Wednesday, June 24, 2009

Met. JONAH Renews St. Tikhon's Dialogue with Anglicans

Met. JONAH presents an icon of St. Tikhon (Bellavin) to the ACNA assembly this morning.

As I noted yesterday, Met. JONAH of the Orthodox Church in America (OCA) spoke to the inaugural assembly of the Anglican Church in North America (ACNA) this morning (10:30 CDT/8:30 PDT). One observer described his speech as nothing less than "a 'barn burner' complete with numerous standing ovations and cries of agreement." He recorded that Met. JONAH:
reopened a dialogue with this Anglican group. With arms open he hopes to pick up where St. Tikhon left off. He gave an historical account of how the Episcopalians forced the dialogue to end by their actions and listed off (in "truth in love" and in a way "sure to offend some of you") about those things that they would have to do to if they wished to share the chalice. Most of you can guess what he listed: removal of the filioque, a rejection of Calvinism, no female ordinations, no gay marriage, and an extensive scholastic discussion about what unites and divides the two groups. In October at Nashotah House the OCA and the ACNA will meet to begin this dialogue. It is being billed as a picking up where the talks broke down and as such Metropolitan Jonah presented an icon of St. Tikhon to Archbishop-elect [Robert] Duncan. (Emphasis added.)
Note: adoption of the Byzantine Rite, the Liturgy of St. John Chrysostom/Basil, was not among the conditions.

Met. JONAH intends to take St. Tikhon's move to reunite Anglicans with the Holy Orthodox Church serioulsy. Even the ACNA's press release says, "This significant gesture represents the possibility of full communion being exchanged between the churches." It adds that the metropolitan's message "focused on unity but did not fail to address areas of contrasting beliefs between the two churches. Though united in upholding the authority of the Bible and uniqueness of Jesus Christ, the Orthodox Church and Anglican Church in North America have differing opinions on matters such as the ordination of women and other doctrinal issues. Despite this, the Metropolitan told the audience that 'our arms are open wide.'"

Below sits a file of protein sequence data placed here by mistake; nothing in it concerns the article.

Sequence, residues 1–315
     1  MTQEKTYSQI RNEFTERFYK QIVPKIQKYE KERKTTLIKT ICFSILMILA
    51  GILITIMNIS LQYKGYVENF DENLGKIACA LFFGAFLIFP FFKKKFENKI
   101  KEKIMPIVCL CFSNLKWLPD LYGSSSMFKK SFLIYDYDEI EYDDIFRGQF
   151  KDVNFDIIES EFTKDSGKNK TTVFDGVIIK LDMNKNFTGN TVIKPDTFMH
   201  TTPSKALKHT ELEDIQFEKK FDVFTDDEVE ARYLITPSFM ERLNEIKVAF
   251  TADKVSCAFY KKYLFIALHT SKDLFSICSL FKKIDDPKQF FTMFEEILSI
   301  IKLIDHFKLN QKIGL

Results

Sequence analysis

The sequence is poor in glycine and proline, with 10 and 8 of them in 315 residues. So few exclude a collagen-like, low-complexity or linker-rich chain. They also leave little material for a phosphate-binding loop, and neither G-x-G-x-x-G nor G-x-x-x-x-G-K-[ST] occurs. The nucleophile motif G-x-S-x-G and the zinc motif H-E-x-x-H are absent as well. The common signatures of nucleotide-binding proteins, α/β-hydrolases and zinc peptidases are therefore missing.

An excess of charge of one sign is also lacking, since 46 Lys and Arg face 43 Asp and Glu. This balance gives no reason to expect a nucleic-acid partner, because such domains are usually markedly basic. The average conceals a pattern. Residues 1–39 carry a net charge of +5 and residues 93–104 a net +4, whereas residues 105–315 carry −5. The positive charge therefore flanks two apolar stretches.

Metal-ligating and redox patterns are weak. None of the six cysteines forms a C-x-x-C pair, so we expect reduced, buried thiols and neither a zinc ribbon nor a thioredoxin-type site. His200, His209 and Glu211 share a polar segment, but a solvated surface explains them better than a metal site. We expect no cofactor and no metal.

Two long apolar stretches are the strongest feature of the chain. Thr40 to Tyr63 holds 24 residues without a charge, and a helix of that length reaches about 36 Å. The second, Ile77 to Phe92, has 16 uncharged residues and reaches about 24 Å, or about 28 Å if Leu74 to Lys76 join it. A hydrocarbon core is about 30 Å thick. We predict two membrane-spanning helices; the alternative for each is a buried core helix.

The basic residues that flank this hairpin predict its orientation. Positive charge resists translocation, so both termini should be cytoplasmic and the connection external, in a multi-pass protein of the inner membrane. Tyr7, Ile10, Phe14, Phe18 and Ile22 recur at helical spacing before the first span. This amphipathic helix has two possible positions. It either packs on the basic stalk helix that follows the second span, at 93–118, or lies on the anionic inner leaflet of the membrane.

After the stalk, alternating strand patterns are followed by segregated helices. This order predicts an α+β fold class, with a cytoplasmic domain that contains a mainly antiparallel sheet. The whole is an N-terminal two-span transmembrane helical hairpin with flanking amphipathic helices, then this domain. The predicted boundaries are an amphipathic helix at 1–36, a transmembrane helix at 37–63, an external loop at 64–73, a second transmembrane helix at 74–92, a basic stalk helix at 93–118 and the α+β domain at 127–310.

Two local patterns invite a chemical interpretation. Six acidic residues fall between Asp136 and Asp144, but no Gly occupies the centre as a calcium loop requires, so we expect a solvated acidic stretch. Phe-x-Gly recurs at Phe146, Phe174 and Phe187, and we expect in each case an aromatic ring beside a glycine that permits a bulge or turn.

Following his 45-minute speech, Met. JONAH presented the assembly with an icon of St. Tikhon (Bellavin). The conscious invocation of St. Tikhon is most significant. St. Tikhon had been approached by a group of Anglicans while he was bishop of North America, and as ruling prelate asked the mother church in Russia about the possibility of allowing them to use some form of the Book of Common Prayer. Although the Episcopalians withdrew before the Russian church sent observations intended to "serve in the negotiations as materials for the determination in detail of the conditions on which Anglicans disposed to Orthodoxy can be received," St. Tikhon clearly and undeniably acted to bring former Anglicans into a Western Rite within the Orthodox Church while retaining some form of the BCP.

Today, Met. JONAH followed in his foosteps. May he bring about the goal for which St. Tikhon longed.


The Next Western Rite?

Here's an interesting news item: an Orthodox metropolitan has been invited to deliver a keynote address to a group of conservative Anglicans in the formative stages of "a new denomination." News reports described the formation of the Provincial Assembly of the Anglican Church in North America (ACNA):
After years of preparation, evangelical, orthodox and traditionalist Anglicans from across North America, many of them recently departed from the Episcopal Church, will meet in Texas this week to formally launch the new denomination. ACNA unites eight Anglican groups under a single Archbishop and positions itself as an alternative to the U.S. Episcopal Church within the global Anglican Communion.
It is fascinating whom they wanted to hear from:
Ecumenical speakers including Pastor Rick Warren of Saddleback Church in California and Metropolitan Jonah of the Orthodox Church in America will offer keynote addresses.
In fact, Met. JONAH will speak later today at 10:30 a.m. to noon CDT. It appears you can watch his speech live here.